Please get in touch if you would like to discuss a potential MSc or PhD project, or 4th year BSc (Hons) dissertation.
I am currently co-supervising 3 PhD students:
- Chris Turner (with Dr Aleksandra Vucković, School of Engineering): “Development of a real-time LORETA BCI system with a non-invasive brain stimulation priming stage to enhance the efficacy of EEG-BCI“. Funded by EPSRC.
- Simon Hanzal (with Prof Monika Harvey & Prof Gregor Thut, School of Neuroscience & Psychology): “Investigating the suitability of neurofeedback to improve post-stroke fatigue“. Funded by ESRC.
- Shamsul Arefin (with Dr Aleksandra Vucković, School of Engineering): “Development of electroencephalography based neurofeedback training protocols for the rehabilitation of neurological trauma.” Funded by a University of Dhaka (Bangladesh) Scholarship.
Graduated PhD students:
- 2022: Dr Amine Belabbes (with Dr Diane Rasmussen Pennington, Computer and Information Sciences, University of Strathclyde): “Tackling information overload in computer and information science”. Funded by a University of Strathclyde Postgraduate Scholarship.
Here are some of the other MSc and BSc (Hons) projects that I have supervised to date:
BSc (Hons) Neuroscience: We carried out 2 meta-analyses: Anna investigated line bisection biases in people with dyslexia, and Euan in people with dementia.
MSc Research Methods in Psychology: Simon assessed whether state and trait fatigue are related to sustained attention. Marine used EEG neurofeedback to modulate alpha oscillations and spatial attention.
BSc (Hons) Psychology: We carried out 2 meta-analyses this year: Lottie looked at line bisection biases in people with ADHD, and Eva in people with Alzheimer’s disease.
BSc (Hons) Psychology: Simon investigated alpha oscillations using EEG during phasic alerting in young and older adults.
MSc Psychological Science: Danishta carried out a meta-analysis of pseudoneglect in children. Her work has now been published in Laterality here. Pritha analysed ERPs from young and older adults during phasic alerting. Kallia was interested in individual alpha frequency changes across the lifespan.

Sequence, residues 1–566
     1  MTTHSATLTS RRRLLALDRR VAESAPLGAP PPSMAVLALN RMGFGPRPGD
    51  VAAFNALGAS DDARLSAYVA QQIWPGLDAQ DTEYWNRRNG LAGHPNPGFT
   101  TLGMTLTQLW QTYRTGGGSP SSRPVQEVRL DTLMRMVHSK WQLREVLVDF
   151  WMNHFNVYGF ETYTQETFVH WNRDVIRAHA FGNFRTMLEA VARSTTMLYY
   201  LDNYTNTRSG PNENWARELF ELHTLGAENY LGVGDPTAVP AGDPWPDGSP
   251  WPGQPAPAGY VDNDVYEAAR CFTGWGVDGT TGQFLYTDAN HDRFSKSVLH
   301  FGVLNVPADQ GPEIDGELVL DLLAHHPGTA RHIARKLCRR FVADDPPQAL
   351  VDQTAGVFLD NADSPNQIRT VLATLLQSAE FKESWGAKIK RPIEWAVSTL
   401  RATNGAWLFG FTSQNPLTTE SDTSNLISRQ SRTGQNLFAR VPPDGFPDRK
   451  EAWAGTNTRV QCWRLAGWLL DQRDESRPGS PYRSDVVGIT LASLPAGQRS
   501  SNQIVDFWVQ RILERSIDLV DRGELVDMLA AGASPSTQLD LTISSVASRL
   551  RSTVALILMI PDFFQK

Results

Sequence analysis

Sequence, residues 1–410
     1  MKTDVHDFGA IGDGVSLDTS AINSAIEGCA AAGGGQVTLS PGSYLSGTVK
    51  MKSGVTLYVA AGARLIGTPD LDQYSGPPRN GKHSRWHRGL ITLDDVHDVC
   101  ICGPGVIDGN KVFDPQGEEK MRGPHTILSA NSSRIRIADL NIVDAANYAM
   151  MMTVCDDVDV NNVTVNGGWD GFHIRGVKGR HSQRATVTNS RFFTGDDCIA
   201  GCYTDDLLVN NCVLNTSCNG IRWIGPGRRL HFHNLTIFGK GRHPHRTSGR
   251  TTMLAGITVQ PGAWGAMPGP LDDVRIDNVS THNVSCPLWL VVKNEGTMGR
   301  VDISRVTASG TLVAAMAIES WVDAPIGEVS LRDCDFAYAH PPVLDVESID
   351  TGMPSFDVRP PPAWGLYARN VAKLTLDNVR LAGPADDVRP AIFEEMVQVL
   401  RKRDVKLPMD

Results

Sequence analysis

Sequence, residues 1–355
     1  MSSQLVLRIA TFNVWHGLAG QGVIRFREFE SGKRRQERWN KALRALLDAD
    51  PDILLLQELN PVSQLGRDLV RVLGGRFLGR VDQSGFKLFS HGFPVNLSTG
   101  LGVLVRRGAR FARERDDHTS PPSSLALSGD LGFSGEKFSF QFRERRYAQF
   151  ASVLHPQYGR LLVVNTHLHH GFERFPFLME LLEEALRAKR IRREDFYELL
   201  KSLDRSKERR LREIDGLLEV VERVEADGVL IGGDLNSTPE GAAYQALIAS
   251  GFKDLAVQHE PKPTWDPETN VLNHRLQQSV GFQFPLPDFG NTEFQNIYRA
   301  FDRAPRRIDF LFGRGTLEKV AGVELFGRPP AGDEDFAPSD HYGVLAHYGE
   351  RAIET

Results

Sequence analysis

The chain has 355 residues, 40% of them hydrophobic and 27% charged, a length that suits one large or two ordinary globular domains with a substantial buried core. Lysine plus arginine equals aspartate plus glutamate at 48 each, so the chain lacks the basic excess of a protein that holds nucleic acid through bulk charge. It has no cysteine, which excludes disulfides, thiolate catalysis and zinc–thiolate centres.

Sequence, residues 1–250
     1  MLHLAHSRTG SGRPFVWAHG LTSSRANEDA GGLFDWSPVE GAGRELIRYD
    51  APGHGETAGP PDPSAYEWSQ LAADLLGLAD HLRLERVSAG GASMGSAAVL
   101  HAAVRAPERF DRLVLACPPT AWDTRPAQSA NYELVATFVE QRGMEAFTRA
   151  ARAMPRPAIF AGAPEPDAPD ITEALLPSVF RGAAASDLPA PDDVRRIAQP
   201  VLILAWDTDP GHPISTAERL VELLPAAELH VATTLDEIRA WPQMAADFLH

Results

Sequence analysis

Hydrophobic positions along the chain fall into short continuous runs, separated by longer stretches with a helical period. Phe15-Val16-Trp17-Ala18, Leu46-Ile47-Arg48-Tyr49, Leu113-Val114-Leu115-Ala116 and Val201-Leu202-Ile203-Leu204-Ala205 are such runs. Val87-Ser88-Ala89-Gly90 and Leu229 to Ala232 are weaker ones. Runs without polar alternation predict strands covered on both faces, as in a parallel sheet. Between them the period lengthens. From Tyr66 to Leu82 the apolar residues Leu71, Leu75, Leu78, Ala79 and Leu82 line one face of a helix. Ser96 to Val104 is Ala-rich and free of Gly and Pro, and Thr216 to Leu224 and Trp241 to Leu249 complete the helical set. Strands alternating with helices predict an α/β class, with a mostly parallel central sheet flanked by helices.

MSc Psychological Science: Chris and Catherine investigated whether sham-blinding is effective during transcranial direct current stimulation (tDCS). Their project has now been published in European Journal of Neuroscience here.
MSc Research Methods in Psychology: Diana performed voxel-based lesion mapping on the CT and MRI scans of patients with hemispatial neglect after stroke. The lesion mapping from her project was included in our recent paper in Neuropsychological Rehabilitation here.
MSc Psychological Science: Robert and Larissa were looking at sham-blinding in tDCS. Their completed project was published in the European Journal of Neuroscience here.
BSc (Hons) Psychology: Agata’s project aimed to investigate the effects of increased task difficulty in young and older adults on the landmark task.
MSc Research Methods in Psychology: Matt carried out an EEG project investigating the effects of increased task difficulty in young and older adults using the landmark task.
BSc (Hons) Psychology: Antonia was interested in finding out whether there was a relationship between spatial attention and sustained attention. For this she used the landmark task and the Test of Everyday Attention (TEA).
MSc Psychological Science: Numaya and Francesca’s project aimed to replicate one of our own tDCS papers that found different behavioural outcomes depending on current strength (1mA vs 2mA) and baseline performance (good vs poor performance). Their completed project was published in Frontiers in Neuroscience here.
BSc (Hons) Psychology: Pernilla and Natasha ran a spatial attention experiment using a driving simulator. Their findings were published in Plos One here.
BSc (Hons) Psychology: Aodhan and Jamie’s project was investigating intra- and inter-task correlations of 5 different spatial attention measures. Their project was published in Plos One here and here.